The conclusion of the Sixth report of the UN’s International Panel on Climate Change (IPCC) is stark
and unambiguous. The climate crisis engulfing the world is unequivocally caused by human activities
and is affecting every corner of the planet’s land, air, and sea already. It is clear in stating that human
activity is changing the Earth’s climate in unprecedented ways and some of these changes are now
inevitable and irreversible.
The global community, including Ireland, has repeatedly ignored the warning of climate scientists over
the past decades and now we are experiencing the devasting impact of this climate emergency in the
form of rising temperatures, devastating floods, fiercer wildfires, and more searing and long-lasting
droughts. These human-induced climate events will not only have an extremely damaging impact on
the health of our planet but also human health, particularly those already most vulnerable.
Over the next two decades, temperatures are likely to rise by more than 1.5C above pre-industrial
levels, bringing more of the widespread devastation and extreme weather events that we are
currently seeing. Only by undertaking immediate rapid and drastic reductions in greenhouse gases in
this decade can we prevent escalating this climate crisis. Continuing a trajectory of business as usual
or embarking on minimal emission reductions will simply exacerbate this climate emergency and the
associated human health impacts. Even limiting the heating to 2C will result in significantly more
suffering for all life on Earth.
Planetary health and human health are inextricably interlinked but too often overlooked. Climate
change affects the social and environmental determinants of health – clean air, safe drinking water,
sufficient food, and secure shelter. Failure to act will have devastating health impacts for all of us.
However, the positive news from the report is that keeping heating of the planet to 1.5C and limiting
health-impacting climate events is still possible but only if ‘’immediate, rapid, and large-scale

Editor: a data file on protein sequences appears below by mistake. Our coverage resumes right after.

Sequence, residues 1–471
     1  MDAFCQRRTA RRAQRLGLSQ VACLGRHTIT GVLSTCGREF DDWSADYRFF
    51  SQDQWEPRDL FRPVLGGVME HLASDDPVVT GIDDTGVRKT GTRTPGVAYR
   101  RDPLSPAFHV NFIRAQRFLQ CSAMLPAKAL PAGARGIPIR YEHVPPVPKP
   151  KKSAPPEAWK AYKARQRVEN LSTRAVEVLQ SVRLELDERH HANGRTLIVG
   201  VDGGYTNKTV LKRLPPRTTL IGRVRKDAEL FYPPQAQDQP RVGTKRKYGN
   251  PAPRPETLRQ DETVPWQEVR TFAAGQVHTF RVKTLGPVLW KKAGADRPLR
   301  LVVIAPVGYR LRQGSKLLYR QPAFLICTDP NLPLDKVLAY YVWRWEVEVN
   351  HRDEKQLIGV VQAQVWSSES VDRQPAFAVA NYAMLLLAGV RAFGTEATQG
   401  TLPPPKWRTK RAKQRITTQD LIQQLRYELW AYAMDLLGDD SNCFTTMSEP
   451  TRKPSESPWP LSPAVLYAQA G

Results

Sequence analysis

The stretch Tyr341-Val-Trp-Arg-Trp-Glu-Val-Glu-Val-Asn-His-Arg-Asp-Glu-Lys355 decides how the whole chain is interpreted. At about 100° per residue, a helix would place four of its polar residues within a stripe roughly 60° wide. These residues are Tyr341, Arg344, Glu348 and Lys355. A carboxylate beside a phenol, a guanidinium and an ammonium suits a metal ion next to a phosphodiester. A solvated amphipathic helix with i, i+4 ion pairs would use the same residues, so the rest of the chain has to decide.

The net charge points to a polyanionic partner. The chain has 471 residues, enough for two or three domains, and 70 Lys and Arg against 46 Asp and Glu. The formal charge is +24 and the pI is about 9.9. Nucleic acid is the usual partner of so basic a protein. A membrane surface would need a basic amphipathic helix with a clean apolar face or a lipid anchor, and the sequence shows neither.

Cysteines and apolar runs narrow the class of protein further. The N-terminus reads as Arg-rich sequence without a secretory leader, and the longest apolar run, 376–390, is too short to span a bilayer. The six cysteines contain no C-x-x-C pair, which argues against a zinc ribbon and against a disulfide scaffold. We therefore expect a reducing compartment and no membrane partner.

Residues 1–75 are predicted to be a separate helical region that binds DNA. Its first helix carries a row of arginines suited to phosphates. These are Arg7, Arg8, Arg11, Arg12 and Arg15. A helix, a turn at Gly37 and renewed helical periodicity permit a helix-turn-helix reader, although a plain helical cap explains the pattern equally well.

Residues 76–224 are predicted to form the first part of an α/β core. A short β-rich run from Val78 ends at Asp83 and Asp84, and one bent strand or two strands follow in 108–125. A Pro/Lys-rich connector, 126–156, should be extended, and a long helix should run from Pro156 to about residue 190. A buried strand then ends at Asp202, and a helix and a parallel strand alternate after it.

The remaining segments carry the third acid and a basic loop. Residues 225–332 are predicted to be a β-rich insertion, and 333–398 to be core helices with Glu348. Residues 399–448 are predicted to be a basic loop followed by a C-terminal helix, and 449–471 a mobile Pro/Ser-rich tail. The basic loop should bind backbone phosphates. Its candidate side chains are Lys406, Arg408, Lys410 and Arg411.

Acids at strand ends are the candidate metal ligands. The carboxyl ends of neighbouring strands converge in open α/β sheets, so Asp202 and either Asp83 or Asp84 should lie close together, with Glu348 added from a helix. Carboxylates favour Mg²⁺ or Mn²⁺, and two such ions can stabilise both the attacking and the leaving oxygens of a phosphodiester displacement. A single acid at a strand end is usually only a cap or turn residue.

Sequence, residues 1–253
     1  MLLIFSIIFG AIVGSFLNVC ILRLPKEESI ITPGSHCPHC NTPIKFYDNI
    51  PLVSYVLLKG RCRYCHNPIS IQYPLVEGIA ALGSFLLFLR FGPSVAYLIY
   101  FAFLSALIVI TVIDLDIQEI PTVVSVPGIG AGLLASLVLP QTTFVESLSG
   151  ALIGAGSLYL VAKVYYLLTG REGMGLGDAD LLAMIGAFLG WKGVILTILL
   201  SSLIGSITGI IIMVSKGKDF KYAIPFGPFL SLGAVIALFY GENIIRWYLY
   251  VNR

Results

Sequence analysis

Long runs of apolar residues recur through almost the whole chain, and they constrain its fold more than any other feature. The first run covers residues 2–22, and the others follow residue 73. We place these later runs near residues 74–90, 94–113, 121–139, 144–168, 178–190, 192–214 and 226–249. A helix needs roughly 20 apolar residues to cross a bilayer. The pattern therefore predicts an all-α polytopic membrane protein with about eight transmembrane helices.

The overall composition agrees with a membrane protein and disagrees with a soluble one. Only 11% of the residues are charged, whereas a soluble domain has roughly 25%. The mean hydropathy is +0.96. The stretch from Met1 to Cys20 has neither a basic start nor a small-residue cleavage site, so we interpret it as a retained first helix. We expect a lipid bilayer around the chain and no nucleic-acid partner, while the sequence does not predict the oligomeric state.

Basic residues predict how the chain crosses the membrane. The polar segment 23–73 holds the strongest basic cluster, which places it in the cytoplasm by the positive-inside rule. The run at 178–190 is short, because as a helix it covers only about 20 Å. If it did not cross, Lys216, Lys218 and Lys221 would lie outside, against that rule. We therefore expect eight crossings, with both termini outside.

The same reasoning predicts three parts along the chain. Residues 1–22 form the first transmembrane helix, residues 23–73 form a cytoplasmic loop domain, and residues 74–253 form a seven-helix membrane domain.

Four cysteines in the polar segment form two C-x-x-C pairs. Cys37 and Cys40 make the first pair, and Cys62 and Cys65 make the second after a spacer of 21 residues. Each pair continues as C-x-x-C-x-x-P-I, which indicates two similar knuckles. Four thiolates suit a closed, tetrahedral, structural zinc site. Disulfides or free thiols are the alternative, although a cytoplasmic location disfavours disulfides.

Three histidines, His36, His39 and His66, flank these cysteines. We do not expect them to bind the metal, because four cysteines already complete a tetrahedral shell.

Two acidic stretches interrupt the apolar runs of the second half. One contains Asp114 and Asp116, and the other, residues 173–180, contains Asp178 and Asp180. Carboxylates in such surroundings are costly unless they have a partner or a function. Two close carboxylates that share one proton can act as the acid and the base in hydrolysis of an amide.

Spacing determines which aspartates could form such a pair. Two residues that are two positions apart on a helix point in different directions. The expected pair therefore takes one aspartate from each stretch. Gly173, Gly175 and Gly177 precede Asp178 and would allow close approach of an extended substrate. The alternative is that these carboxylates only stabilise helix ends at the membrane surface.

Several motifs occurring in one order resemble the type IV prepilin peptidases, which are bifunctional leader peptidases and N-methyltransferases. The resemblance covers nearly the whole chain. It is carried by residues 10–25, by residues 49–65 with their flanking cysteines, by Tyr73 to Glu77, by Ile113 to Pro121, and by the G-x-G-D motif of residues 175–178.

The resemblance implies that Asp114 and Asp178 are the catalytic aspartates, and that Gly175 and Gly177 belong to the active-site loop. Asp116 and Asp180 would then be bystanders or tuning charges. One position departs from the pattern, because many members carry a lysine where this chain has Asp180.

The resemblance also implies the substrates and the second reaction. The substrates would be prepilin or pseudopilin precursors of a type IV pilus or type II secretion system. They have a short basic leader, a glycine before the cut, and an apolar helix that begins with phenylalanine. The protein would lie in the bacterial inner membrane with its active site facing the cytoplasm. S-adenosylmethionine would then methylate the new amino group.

reductions’’ takes place.
In Ireland, we have justifiably committed to an ambitious climate bill that seeks to halve carbon
emissions by 2030 and to achieve net-zero emissions by 2050. This is to be hugely welcomed.
Nevertheless, this harrowing report only underlines the need for urgent action to meet the grand
rhetoric. The Government and opposition must support and implement evidence-based measures
immediately that will reduce our emissions to meet our targets and ensure a Just Transition.
Furthermore, the government must heed the advice of the report and make ‘’strong, rapid and
sustained reductions’’ in methane in addition to slashing carbon dioxide emissions. The report is clear
that we will not be able to meet the 1.5C target without aggressive action methane emissions which
will require the Irish agricultural sector to undergo rapid transformation to become more sustainable
and this includes reductions in the herd size.
Climate change is the defining crisis of our times, and the IPCC report shows it is happening even
more quickly than we ever feared. Inaction will lead to devastating health consequences for all of us.
The Climate and Health Alliance is calling on the government to implement the necessary changes
now and without delay to reduce our emissions to keep the planet within 1.5C.
The health of the planet and health of current and future human generations depends on it.